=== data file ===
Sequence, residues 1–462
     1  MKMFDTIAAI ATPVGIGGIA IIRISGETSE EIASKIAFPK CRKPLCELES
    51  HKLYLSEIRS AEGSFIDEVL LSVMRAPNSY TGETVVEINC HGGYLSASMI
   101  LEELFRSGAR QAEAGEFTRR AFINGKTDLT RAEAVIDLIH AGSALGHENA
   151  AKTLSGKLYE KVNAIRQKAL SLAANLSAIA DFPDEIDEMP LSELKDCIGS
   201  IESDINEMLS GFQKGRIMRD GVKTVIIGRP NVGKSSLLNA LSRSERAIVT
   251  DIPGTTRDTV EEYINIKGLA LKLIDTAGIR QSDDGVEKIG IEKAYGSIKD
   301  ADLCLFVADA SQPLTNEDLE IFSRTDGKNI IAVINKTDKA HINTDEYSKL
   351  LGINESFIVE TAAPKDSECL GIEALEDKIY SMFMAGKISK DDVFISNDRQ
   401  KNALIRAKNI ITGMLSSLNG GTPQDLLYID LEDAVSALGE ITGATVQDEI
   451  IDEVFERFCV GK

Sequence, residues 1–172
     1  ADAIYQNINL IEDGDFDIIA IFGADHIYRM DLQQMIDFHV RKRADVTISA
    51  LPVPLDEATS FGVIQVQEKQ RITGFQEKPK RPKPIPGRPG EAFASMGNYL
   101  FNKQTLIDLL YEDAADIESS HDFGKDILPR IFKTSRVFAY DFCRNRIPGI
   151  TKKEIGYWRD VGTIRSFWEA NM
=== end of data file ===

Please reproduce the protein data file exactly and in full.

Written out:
Sequence, residues 1–462
     1  MKMFDTIAAI ATPVGIGGIA IIRISGETSE EIASKIAFPK CRKPLCELES
    51  HKLYLSEIRS AEGSFIDEVL LSVMRAPNSY TGETVVEINC HGGYLSASMI
   101  LEELFRSGAR QAEAGEFTRR AFINGKTDLT RAEAVIDLIH AGSALGHENA
   151  AKTLSGKLYE KVNAIRQKAL SLAANLSAIA DFPDEIDEMP LSELKDCIGS
   201  IESDINEMLS GFQKGRIMRD GVKTVIIGRP NVGKSSLLNA LSRSERAIVT
   251  DIPGTTRDTV EEYINIKGLA LKLIDTAGIR QSDDGVEKIG IEKAYGSIKD
   301  ADLCLFVADA SQPLTNEDLE IFSRTDGKNI IAVINKTDKA HINTDEYSKL
   351  LGINESFIVE TAAPKDSECL GIEALEDKIY SMFMAGKISK DDVFISNDRQ
   401  KNALIRAKNI ITGMLSSLNG GTPQDLLYID LEDAVSALGE ITGATVQDEI
   451  IDEVFERFCV GK

Sequence, residues 1–172
     1  ADAIYQNINL IEDGDFDIIA IFGADHIYRM DLQQMIDFHV RKRADVTISA
    51  LPVPLDEATS FGVIQVQEKQ RITGFQEKPK RPKPIPGRPG EAFASMGNYL
   101  FNKQTLIDLL YEDAADIESS HDFGKDILPR IFKTSRVFAY DFCRNRIPGI
   151  TKKEIGYWRD VGTIRSFWEA NM